Supporting Justice for Scottish Miners

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The research

Professor Jim Phillips has used government, industry and union records—along with interviews with strike activists—to establish the distinct character of the strike in Scotland.

Phillips’ research revealed that the government’s core goal in the strike was removing effective union representation from the coal industry.

It demonstrated government interventions on policing, ensuring that strikers were prevented from mustering at pressure points, thus reducing the effectiveness of the strike.

Phillips’ research established that there was an unusually-high level of victimisation of miners’ union activists in Scotland in terms of arrests and dismissals.

This compromised the integrity of the criminal justice system and led to long-term consequences for otherwise law-abiding miners who found themselves on the wrong side of the law.

The impact

From 2013 onwards, Professor Phillips’ research provided evidence to help establish and inform an Independent Review into the Policing of the Miners’ Strike.

Phillips’ expert advice supported campaigners in lobbying the Scottish Government, who initially refused to establish a Review into the criminal justice aspects of the strike.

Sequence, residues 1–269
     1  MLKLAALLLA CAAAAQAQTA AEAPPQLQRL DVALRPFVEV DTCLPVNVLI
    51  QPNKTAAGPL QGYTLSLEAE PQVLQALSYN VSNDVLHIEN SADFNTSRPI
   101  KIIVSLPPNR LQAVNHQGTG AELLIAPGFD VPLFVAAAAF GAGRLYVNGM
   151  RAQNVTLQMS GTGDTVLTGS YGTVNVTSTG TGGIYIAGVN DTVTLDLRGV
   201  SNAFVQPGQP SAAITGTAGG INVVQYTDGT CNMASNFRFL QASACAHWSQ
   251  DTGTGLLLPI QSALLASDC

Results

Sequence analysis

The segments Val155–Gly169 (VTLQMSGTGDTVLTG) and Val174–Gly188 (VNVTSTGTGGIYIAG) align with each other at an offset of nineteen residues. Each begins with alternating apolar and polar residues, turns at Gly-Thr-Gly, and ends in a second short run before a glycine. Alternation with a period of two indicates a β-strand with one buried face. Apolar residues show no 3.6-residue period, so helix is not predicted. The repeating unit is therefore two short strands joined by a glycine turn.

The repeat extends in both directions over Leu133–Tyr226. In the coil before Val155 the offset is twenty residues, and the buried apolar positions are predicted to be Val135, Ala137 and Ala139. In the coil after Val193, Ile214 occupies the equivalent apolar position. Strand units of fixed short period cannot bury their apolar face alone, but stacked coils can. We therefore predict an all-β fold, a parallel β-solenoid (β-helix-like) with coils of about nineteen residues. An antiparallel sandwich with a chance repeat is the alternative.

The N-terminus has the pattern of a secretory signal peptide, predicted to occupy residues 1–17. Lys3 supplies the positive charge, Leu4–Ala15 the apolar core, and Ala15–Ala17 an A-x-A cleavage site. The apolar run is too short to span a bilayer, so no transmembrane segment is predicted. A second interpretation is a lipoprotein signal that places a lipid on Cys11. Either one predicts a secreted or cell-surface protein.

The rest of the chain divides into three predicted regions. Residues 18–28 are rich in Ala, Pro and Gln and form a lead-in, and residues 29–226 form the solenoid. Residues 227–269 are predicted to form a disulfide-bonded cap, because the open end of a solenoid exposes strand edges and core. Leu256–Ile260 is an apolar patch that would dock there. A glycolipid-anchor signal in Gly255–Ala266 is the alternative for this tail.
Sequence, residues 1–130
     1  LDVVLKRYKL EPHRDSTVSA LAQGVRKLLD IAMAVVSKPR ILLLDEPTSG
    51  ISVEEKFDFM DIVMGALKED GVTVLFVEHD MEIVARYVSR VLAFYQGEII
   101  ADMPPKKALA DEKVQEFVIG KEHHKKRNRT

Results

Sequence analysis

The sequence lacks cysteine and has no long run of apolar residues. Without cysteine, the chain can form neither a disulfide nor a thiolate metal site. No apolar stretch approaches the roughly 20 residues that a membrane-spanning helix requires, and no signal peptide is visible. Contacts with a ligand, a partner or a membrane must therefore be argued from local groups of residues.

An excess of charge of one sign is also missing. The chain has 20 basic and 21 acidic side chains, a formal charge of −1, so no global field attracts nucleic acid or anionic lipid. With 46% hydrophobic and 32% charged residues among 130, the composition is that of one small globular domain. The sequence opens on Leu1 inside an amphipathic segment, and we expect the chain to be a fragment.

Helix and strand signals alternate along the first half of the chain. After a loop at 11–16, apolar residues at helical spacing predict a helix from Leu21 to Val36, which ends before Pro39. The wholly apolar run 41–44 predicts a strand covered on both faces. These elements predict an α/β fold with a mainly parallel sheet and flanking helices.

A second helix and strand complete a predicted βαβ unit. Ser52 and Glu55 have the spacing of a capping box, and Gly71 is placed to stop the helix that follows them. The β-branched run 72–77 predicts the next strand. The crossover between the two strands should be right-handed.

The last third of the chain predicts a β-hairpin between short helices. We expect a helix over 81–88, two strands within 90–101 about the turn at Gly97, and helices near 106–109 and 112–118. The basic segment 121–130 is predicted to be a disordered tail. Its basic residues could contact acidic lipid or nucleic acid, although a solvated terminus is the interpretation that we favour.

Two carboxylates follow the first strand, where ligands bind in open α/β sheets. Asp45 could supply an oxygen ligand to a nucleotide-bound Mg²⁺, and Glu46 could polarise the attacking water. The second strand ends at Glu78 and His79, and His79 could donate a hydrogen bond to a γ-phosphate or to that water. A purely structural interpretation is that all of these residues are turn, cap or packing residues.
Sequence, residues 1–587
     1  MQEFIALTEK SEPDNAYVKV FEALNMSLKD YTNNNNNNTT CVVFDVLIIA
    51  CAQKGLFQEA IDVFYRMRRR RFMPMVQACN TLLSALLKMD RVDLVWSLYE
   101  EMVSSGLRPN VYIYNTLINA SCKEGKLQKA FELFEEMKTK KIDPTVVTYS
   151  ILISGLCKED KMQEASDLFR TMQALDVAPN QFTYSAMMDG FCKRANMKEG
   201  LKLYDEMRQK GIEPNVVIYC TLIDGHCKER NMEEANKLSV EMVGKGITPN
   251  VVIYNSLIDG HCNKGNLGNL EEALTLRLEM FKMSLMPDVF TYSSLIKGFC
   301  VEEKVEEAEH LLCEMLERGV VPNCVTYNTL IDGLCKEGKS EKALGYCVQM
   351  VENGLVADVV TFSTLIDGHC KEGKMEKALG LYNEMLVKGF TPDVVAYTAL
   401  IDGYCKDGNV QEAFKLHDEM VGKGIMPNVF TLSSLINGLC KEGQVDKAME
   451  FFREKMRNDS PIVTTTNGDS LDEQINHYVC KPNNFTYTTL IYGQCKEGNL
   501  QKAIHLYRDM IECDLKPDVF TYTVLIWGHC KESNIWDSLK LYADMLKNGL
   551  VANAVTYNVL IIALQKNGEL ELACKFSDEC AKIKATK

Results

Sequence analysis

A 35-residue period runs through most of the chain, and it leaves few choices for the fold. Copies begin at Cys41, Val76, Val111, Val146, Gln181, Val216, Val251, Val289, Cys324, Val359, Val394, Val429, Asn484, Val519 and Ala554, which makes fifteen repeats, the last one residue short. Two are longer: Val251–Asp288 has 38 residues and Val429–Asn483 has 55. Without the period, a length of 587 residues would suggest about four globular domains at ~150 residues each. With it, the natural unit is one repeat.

In June 2018, in response to growing pressure, Michael Matheson, the then Cabinet Secretary for Justice, reversed the Scottish Government’s position and announced an Independent Review.

This Review was significantly informed by Phillips’ research; its final report opened with a direct quotation from his work: ‘the miners’ strike is a site of contested memories’.

The final report published in late October 2020 also referenced Phillips’ research and noted his invaluable contribution throughout the process.

Upon publication of the Review, Humza Yousaf, Cabinet Secretary for Justice, announced: ‘we intend to introduce legislation that will give a collective pardon to miners who were convicted for matters related to the strike’.

This development is now providing vindication to the miners who were wronged.

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First published: 2 June 2021